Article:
Spirit survives as Syrian city of Maaloula clears away the rubble

Debris has been cleared and repairs are under way since Christian/Muslim clashes of 2013

The 14th-century Christian town of Maaloula is rising again from the ruins and rubble of eight months of occupation by insurgents determined to obliterate churches, convents and Aramaic, the language spoken by Jesus and his disciples.

The streets of the newer quarters and narrow alleyways of the old city are clear of debris and charred wooden beams from collapsed buildings. Street lights glow orange on lamp posts although the electricity supply is fitful and uncertain. “Just like Damascus,” says municipal councillor Joseph Saadeh.

I last visited Maaloula on April 15th, 2014, with a handful of other journalists taken by Syrian army officers to the crest of the mountain that shelters the town. Troops and Lebanese Hizbullah fighters were fighting tenacious insurgents who had taken over the town on September 4th, 2013. The rip of heavy firing and thud of explosions rose from the lower village as we crunched across broken tiles and shards of glass in the lobby of the once-fashionable Safir Hotel now, as then, blasted and burned.

The hotel's owners have not invested in a clean-up, funded in other parts of the town by the government. Money for repairing churches has come from Greek and Russian Orthodox and Catholic churches in Syria, Lebanon and further afield. The Aramaic Institute is being reconstructed with French aid.


Next to the hotel, the early fourth-century Catholic church of Mar Sarkis (St Sergius) and Bacchus, dedicated to two Roman soldiers executed for their Christian faith, has been cleaned and repaired. The stones of the vaulted roof of the church, which had collapsed on to the floor, have been replaced and heavily cemented. The courtyard has been cleared of torn books and broken religious items. But the adjacent convent’s centuries-old icons and books were stolen or destroyed.

Last year, we could not reach the Orthodox Mar Takla, half way up the town’s gorge, due to the battle. It has also now been cleared of rubble and rubbish and is being rehabilitated. Walls boast new electrical wiring and fresh paint.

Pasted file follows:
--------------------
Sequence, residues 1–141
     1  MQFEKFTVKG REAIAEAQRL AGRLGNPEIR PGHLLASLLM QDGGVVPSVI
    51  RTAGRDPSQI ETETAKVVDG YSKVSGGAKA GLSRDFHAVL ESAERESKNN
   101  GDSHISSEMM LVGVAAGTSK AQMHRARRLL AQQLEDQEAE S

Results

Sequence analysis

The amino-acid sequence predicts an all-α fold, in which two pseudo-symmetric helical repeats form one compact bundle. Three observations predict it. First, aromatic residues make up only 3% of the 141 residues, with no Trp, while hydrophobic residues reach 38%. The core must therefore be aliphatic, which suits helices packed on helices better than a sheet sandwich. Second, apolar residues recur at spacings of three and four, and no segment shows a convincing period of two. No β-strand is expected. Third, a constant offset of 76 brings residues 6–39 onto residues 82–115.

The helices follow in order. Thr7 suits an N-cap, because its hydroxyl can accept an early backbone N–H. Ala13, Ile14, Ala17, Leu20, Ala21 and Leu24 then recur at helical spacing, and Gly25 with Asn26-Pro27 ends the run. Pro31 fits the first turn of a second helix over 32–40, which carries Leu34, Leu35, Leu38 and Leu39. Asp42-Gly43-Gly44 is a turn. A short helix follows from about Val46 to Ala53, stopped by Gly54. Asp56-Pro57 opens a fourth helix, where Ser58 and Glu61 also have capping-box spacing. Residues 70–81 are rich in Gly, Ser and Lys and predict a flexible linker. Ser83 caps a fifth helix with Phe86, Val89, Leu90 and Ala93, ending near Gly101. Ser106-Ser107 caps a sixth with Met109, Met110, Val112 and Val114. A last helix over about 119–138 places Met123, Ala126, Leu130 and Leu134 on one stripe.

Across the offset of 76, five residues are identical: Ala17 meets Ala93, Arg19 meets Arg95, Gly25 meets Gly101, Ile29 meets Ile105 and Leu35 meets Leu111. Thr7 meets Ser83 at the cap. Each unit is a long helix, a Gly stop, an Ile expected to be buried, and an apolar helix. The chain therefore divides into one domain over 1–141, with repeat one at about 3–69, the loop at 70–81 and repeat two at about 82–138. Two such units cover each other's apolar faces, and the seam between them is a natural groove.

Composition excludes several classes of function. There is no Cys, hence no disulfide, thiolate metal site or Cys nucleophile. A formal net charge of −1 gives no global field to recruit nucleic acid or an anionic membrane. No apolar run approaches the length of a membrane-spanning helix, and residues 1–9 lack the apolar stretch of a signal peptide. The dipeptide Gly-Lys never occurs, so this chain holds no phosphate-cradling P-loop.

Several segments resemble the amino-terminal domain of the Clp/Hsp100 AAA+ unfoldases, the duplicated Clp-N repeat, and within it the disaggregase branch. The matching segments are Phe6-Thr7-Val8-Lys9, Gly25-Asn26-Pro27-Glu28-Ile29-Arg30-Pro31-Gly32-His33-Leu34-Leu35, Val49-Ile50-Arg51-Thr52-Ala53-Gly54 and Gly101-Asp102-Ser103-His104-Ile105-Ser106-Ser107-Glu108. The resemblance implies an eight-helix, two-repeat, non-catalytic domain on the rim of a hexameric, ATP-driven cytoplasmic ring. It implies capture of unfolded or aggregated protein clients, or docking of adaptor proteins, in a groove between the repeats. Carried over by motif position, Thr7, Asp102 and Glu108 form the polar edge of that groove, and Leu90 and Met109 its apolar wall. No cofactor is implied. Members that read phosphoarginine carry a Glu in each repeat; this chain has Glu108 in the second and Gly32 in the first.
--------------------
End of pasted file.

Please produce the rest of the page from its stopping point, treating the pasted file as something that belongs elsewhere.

The earliest sanctuary was destroyed by fire and the church of St John looted and scorched. Icons were split in half, smashed or burned. Up four flights of stairs on the platform built in a cave, the well still provides cool holy water tasting of the mountain. The tiny chapel, where Christians and Muslims both prayed, is dark and dank. Orphans who once lived here with nuns under the rule of a formidable mother superior have moved to a convent near Crac des Chevaliers, the crusader castle in the west of Syria.

Today, Maaloula has 1,000 inhabitants. Before the war, there would have been 12,000, mainly Damascenes, escaping the stifling tower blocks of the capital to savour the cool summer breezes of the Qalamoun mountains. The town normally has about 3,000 inhabitants in winter time.

Many returnees are older people who rejected exile, such as Ghattas Saadeh (82), a retired teacher who came back to his house in the old town five days after Maaloula’s “liberation”.

Leaning over his balcony, he explains, “I’ve lived in Maaloula for my whole life.”

As we stand in the narrow alley in the shade of thick, rough stone walls, Joseph, his nephew, the municipal councillor, tells us what happened in early September 2013.

“Maaloula was attacked by the Free Syrian Army backed up by [al-Qaeda-linked Jabhat] al-Nusra.” They came from the top of the mountain and quickly overpowered 50 local defenders.

“The attackers knew exactly about our weak points, who were our leaders,” states Joseph, with an edge of bitterness in his voice. “They had supporters among Muslims in the village,” who then constituted a quarter of the population.

In the 1980s, the Muslim Brotherhood began to convert some local Muslims to its ideology and Saudi Wahhabis came with their puritan teachings. Before that time, Maaloula's Muslims and Christians had lived together peacefully.

“Muslims helped us prepare for the feast of the Holy Cross on September 14th. Things began to change in 2011.”

Betrayed by co-villagers and attacked by fundamentalist fighters, the people of Maaloula fled to the neighbouring Muslim village of Ain al-Tineh, where they were welcomed. During exile, some went elsewhere. Joseph, a dentist, still lives in Ain al-Tineh.

Maaloula was once a place of pilgrimage and tourism open to all. Outsiders, including Syrians, now need army permission to visit. The townspeople and government do not want a repeat of 2013.

For Syrians, Maaloula is a symbol of Christian endurance, comfortable co-existence and a shared religious and communal history; for radical Sunnis seeking to transform Syria into a land with a single faith, Maaloula was a dangerous symbol rather than a strategic location.

Maaloula may have been wounded, but it survives in spirit and stone.